IT WAS BORN as a church, one of the icons of the Byzantine world, before being converted into a mosque by the Ottoman Turks and into a museum by their secular-minded successors. But now it would be transformed again. Workers squeezed a bland wooden minbar into a corner of the nave and a mihrab into a nearby portico, drew panels and screens to obscure the dazzling 13th-century Christian frescoes looking down from the vaults and the dome, and unfurled a red carpet over the marble floor. A muezzin summoned the faithful to prayers. The Hagia Sophia was now a mosque.
That was in 2013, and not in Istanbul, home of the Hagia Sophia known to millions of tourists worldwide, but in Trabzon, another Turkish city once populated by Greeks (and known in English as Trebizond), home to the ancient shrine’s much smaller and younger namesake. There are at least five former Byzantine churches dedicated to the Hagia Sophia (“Holy Wisdom” in Greek) across Turkey. Over the past decade, four, including the one in Trabzon, have reopened as mosques. The same fate now awaits the most important of them, the sixth-century Hagia Sophia, the grand old lady of Eastern Christendom, and Istanbul’s domed crown.
On July 10th, following an appeal by an Islamic NGO, Turkey’s top administrative court repealed a decision from 1934 to turn the Hagia Sophia into a museum. The country’s president, Recep Tayyip Erdogan, then signed a decree ordering its conversion into a mosque. That he would do so was never in doubt. Last year Mr Erdogan said it was a “very big mistake” to use the building as a museum. Last month he suggested Muslim prayers would be held inside the Hagia Sophia on July 15th, the fourth anniversary of a failed coup against him.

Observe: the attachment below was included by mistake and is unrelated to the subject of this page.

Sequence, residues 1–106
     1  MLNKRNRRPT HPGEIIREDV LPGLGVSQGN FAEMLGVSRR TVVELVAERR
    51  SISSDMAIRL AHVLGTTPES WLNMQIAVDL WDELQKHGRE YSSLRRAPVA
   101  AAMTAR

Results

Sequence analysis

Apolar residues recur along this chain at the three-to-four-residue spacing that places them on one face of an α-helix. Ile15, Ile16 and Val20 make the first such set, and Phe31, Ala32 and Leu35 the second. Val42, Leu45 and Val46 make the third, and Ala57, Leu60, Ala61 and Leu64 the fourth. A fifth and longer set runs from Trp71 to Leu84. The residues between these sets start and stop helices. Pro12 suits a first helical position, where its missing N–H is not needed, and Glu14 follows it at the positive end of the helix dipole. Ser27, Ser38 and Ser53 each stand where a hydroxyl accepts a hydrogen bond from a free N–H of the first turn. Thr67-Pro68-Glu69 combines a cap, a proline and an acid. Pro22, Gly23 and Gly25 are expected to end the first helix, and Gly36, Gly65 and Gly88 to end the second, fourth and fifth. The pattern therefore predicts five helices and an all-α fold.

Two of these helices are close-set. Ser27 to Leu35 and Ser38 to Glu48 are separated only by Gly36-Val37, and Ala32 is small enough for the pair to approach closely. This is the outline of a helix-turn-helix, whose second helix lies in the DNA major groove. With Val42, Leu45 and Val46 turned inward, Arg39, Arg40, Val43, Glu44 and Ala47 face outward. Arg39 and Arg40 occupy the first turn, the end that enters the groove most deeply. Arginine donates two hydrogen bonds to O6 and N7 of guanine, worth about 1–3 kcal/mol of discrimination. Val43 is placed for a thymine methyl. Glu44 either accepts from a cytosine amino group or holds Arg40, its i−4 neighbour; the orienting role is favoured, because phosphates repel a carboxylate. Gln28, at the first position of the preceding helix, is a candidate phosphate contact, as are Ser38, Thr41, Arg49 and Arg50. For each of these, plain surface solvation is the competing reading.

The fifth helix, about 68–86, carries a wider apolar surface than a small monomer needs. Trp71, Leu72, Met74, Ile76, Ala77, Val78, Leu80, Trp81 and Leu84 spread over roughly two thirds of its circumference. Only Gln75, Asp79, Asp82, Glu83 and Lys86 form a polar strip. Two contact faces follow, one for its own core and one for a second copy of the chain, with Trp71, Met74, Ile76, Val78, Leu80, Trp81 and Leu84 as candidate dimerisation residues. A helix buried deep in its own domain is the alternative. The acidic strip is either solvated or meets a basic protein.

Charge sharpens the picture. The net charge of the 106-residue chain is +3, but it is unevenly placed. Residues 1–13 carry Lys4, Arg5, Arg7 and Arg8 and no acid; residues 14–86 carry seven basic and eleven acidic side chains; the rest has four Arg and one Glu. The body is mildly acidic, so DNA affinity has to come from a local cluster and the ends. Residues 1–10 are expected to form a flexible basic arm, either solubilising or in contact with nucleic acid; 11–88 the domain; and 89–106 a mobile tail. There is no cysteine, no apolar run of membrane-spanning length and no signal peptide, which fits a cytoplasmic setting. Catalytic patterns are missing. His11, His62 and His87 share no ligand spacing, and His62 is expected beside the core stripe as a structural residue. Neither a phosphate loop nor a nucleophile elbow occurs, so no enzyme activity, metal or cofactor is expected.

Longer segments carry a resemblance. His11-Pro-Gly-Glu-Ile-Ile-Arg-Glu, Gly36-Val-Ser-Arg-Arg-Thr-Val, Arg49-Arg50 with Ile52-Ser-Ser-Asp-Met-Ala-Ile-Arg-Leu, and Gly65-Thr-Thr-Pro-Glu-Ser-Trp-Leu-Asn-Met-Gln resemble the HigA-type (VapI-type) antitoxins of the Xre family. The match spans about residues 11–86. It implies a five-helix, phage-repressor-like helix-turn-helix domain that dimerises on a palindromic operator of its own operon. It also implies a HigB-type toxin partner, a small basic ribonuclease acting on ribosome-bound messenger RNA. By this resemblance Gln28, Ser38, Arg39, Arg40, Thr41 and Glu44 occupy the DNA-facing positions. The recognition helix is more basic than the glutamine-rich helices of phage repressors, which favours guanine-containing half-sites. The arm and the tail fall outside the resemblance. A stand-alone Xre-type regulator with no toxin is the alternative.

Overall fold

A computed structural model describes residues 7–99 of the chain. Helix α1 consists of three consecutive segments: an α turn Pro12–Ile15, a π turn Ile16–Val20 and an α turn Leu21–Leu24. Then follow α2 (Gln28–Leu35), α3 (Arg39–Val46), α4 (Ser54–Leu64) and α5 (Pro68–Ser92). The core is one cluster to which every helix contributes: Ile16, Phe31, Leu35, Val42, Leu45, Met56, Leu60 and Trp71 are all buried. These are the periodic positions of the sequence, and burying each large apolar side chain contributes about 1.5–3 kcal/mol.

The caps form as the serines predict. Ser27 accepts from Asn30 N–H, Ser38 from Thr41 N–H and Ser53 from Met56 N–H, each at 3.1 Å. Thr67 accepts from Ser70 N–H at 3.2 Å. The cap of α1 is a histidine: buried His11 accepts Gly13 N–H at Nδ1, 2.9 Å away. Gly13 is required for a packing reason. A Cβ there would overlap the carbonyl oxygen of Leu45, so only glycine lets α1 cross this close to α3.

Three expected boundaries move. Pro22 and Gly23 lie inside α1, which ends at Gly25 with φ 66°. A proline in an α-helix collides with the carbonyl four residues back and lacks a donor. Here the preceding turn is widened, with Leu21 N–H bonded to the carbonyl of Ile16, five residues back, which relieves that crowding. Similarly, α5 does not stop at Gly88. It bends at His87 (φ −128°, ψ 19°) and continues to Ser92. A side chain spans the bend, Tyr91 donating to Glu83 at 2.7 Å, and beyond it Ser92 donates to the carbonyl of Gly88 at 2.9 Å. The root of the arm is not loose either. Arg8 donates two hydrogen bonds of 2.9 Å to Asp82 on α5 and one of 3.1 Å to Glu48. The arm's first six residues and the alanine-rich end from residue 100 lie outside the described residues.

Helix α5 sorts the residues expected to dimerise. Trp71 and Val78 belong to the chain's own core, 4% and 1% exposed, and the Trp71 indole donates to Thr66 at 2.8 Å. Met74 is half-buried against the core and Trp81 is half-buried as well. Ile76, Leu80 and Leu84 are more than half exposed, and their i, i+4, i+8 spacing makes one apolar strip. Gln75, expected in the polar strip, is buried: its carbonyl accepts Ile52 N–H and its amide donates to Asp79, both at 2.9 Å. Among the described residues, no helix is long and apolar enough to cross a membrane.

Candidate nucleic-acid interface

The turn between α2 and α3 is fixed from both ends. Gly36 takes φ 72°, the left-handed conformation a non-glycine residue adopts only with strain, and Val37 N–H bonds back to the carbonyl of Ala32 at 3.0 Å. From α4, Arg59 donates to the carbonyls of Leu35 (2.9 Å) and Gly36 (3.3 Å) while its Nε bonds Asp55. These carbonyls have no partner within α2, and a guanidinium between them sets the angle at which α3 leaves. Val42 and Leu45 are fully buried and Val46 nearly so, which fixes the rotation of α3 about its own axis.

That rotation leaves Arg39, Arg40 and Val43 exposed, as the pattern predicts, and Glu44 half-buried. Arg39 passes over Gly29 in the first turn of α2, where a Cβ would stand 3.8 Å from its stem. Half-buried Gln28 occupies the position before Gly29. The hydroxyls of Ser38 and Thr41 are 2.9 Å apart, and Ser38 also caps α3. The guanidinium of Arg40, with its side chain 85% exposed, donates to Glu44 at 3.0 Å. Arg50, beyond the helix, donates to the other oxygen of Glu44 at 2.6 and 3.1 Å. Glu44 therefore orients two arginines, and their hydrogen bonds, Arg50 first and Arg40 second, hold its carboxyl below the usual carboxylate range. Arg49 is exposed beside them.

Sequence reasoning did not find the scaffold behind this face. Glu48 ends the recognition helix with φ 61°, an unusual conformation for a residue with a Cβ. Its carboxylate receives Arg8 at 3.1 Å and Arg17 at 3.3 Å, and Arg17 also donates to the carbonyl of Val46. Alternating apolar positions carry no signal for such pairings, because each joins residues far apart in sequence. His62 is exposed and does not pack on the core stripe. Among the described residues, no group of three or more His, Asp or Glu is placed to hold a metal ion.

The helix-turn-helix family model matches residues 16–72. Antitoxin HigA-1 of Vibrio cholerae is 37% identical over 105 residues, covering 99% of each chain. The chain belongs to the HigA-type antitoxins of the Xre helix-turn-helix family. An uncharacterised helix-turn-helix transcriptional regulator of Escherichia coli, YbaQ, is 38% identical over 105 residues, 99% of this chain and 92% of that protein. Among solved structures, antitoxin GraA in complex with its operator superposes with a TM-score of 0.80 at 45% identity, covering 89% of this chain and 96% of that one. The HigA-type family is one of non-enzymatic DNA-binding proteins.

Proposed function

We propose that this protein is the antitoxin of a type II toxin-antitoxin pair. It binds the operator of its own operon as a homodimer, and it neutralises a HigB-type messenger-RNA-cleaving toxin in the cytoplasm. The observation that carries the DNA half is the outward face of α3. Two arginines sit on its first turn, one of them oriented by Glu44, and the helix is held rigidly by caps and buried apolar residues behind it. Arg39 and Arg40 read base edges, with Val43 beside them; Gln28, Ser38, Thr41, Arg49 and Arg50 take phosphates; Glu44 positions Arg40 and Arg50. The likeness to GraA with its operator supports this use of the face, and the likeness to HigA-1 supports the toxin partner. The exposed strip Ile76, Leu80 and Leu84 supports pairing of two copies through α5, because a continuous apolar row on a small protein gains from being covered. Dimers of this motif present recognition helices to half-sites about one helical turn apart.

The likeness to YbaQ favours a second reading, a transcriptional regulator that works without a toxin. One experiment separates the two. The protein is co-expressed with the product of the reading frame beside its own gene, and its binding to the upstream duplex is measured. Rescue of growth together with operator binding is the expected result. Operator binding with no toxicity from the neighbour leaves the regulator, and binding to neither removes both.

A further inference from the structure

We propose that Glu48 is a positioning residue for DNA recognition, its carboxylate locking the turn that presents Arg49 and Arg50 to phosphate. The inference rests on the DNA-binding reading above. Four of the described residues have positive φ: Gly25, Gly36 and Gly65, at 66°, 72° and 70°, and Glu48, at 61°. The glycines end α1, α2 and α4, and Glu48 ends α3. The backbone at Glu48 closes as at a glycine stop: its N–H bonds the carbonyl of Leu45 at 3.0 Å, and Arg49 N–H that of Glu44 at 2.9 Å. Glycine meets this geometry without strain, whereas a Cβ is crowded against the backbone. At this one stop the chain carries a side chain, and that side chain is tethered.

Built by the Byzantine Emperor Justinian I on the site of a church commissioned by Constantine, founder of Constantinople, the Hagia Sophia has hovered over the historical capital of the eastern Roman Empire since 537. Early visitors were awestruck, especially by the basilica’s central dome, covered with millions of shimmering gold tiles. “We did not know where we were, in heaven or on Earth,” envoys from Kievan Rus reported in the tenth century.
Crusaders plundered the cathedral in 1204, making off with its gold, silver and relics, many of which ended up in Venice. Similar scenes ensued in 1453, when the Ottoman army captured the city—the “red apple” at the end of the world, they called it. Mehmet, their 21-year-old sultan, marched into the cathedral, pouring dust over his head as a sign of respect, and immediately ordered its transformation into a mosque. Nearly five centuries later it was modern Turkey’s secular founder, Kemal Ataturk, who had the shrine converted into a museum. Christian mosaics covered up with plaster saw the light of day for the first time since the Ottoman conquest.
Mr Erdogan, who resides in a 1,100-room palace, surrounds himself with courtiers and appoints family members to senior positions,…